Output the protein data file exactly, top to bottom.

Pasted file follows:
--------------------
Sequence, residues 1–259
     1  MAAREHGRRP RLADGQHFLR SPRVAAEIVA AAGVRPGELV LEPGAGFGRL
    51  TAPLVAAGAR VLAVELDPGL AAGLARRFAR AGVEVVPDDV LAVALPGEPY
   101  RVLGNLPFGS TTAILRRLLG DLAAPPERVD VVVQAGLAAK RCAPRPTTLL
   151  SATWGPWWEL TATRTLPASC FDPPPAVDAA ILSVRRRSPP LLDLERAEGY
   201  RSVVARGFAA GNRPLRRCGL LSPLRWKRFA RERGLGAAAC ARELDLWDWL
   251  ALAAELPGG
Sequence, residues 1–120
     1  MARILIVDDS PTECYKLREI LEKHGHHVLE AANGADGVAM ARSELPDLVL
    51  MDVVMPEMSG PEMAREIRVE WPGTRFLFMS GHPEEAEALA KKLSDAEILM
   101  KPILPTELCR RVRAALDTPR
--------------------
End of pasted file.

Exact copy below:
Sequence, residues 1–259
     1  MAAREHGRRP RLADGQHFLR SPRVAAEIVA AAGVRPGELV LEPGAGFGRL
    51  TAPLVAAGAR VLAVELDPGL AAGLARRFAR AGVEVVPDDV LAVALPGEPY
   101  RVLGNLPFGS TTAILRRLLG DLAAPPERVD VVVQAGLAAK RCAPRPTTLL
   151  SATWGPWWEL TATRTLPASC FDPPPAVDAA ILSVRRRSPP LLDLERAEGY
   201  RSVVARGFAA GNRPLRRCGL LSPLRWKRFA RERGLGAAAC ARELDLWDWL
   251  ALAAELPGG
Sequence, residues 1–120
     1  MARILIVDDS PTECYKLREI LEKHGHHVLE AANGADGVAM ARSELPDLVL
    51  MDVVMPEMSG PEMAREIRVE WPGTRFLFMS GHPEEAEALA KKLSDAEILM
   101  KPILPTELCR RVRAALDTPR